Sell Me Something Damn It

Internet marketing types know that the only thing that matters is the sale – all that build up, spammy sounding long form sales copy, and gut wrenching emotional hot button pushing is about the sale and little else.

I get that, you get that, but you’ve grown up online in the more genteel social media environment and you’ll go to your business grave before coming off salesy in that kind of way.

But here’s the problem – many of you are going broke because of the belief that you can’t sell and still be social media pure. I attended BlogWorld Expo in Los Angeles last week and, while I thoroughly enjoyed the people and the content, I was amused by the gyrations that speaker after speaker went through to assure us that they were not going to try to sell us anything.

One speaker even said – “I can talk about this one product of mine without being sleazy since it’s no longer on the market.”

Look, selling and selling your soul are not one in the same.

I buy stuff from people I know, like and trust. If you send me something out of the blue and I don’t know you, there’s a good chance that I’ll ignore it and maybe ignore you, because I don’t know, like and trust you. You may or may not be a spam sending sleaze ball, I just don’t have enough data to really make an informed call.

Each speaker that I experienced at this event, however, had earned the right and the opportunity to sell me something and, in my opinion, did me a disservice by not helping me understand how I could get more of their brilliance.

It’s time to stop being so sensitive about promoting what you do for a living. If you’ve built trust you owe it to our relationship to move beyond and your business will fail if you don’t.

I know people that have grown to household name status in social media circles who can’t pay their bills and it pains me to see the waste caused by the lack of a financial conversion component to their community building.

You’ve got to create content that educates, content that builds trust and content that closes if you want the content creation aspect of your business to do what it’s suppose to do.

If you yourself are struggling with this notion, here’s my formula for selling with complete integrity.

1) Tell your audience as you’re building it that you have something for sale – don’t hide it until you decide to roll out a new product or campaign. In fact, you can go as far as telling every new follower that you expect to earn the right to sell them something at some point in time and that they’ll be happy when you do.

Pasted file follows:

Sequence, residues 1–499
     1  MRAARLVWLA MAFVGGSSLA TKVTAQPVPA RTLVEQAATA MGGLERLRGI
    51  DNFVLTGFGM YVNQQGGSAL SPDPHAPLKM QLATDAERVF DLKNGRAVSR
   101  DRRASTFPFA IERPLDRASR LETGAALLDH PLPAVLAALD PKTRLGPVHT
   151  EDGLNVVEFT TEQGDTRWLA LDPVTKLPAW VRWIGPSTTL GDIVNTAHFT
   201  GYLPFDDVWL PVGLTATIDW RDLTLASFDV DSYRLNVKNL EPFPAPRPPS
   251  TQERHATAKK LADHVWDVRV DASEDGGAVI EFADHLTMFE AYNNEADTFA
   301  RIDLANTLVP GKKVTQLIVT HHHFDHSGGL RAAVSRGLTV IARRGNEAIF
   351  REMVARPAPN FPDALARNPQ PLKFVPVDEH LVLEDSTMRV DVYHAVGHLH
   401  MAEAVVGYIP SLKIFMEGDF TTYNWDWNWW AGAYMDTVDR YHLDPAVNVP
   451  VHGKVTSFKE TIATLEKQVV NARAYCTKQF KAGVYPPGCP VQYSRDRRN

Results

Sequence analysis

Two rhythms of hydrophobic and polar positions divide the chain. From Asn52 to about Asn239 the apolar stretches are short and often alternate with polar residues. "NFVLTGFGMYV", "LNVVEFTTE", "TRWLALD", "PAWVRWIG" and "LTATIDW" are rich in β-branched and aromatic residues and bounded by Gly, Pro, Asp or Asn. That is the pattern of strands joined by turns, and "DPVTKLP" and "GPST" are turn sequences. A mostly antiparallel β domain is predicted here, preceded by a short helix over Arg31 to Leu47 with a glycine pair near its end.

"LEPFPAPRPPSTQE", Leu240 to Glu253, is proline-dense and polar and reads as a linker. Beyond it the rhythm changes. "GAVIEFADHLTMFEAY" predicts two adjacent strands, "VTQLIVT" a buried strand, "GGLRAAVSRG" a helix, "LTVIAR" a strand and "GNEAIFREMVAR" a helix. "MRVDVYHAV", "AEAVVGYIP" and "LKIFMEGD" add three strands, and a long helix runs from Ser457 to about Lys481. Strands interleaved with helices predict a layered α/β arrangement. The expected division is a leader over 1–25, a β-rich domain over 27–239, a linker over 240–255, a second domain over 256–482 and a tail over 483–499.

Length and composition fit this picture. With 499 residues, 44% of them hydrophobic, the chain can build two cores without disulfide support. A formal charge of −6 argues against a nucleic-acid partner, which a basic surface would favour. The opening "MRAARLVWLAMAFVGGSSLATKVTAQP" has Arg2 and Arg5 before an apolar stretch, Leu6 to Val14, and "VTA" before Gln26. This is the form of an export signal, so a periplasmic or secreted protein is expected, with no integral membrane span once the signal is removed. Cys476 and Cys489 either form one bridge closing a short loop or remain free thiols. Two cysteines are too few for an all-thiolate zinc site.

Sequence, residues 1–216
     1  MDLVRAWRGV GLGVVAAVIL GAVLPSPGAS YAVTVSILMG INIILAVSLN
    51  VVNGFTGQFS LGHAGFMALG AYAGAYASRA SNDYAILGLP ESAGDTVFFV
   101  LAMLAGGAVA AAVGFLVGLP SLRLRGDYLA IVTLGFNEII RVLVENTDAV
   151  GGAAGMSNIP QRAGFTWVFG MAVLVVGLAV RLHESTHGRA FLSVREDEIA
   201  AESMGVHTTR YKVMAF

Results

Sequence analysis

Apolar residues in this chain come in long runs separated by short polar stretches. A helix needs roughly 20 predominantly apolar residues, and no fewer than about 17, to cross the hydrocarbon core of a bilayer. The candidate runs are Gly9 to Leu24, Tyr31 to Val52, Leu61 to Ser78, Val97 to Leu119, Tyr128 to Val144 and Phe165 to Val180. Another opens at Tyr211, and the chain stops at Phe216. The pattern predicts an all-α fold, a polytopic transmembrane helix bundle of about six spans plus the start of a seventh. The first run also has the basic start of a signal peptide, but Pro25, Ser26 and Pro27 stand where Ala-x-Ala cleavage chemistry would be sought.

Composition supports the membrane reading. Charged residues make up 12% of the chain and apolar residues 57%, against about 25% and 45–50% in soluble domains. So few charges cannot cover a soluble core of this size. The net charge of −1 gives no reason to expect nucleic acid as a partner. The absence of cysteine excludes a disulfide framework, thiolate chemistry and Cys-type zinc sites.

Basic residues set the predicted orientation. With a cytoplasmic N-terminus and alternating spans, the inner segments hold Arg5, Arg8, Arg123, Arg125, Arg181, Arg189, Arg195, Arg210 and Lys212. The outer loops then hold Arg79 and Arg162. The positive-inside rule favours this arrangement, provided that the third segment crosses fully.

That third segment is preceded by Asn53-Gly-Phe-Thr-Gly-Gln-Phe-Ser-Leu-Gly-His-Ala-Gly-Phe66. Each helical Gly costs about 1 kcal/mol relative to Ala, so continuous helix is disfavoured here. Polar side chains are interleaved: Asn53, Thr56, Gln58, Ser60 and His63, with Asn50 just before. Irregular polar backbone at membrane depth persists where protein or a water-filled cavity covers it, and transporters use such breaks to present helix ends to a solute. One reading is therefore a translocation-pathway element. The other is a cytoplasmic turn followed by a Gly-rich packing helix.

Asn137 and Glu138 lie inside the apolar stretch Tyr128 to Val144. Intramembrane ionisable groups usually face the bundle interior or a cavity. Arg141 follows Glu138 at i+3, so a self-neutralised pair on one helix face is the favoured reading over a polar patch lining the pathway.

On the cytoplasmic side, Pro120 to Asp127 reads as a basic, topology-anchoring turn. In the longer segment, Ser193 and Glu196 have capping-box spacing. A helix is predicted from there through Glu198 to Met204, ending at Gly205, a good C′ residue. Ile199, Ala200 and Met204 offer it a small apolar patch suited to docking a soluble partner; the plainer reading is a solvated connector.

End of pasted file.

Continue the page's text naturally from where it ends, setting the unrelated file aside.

2) Make your free stuff better than your competitor’s paid stuff.

3) Educate and give with every interaction in every network and through every vehicle.

4) Give people a way to try and experience you and your products live and in person.

5) Remind your followers that you’re going to sell them something, tell them they are the first to get access to it, and then show them how they can acquire what you’ve been sharing with them all along.

I know this sounds simple, but the only way this works is if you create the expectation that they will want to buy what you have to sell and then you earn the right to ask for the order.

There are people we all follow that have our permission to send us a one line email that says something like – hey, I’ve got something new for you, click here to check it out, and we gladly click here – get to that place with enough people and you know you’re doing the five steps above right.

The problem most people have is that they give and give and forget to build the case for the value that comes with becoming a customer. Then, when finally ask for the money, it’s too late.

This isn’t a trick of any kind, this is a simple acknowledgement on your part that you’re serious, you have a business to run, value to offer and a deep burning desire to work with people that appreciate that.

Now, tell me this – what part of that sounds even remotely spammy or sleazy?


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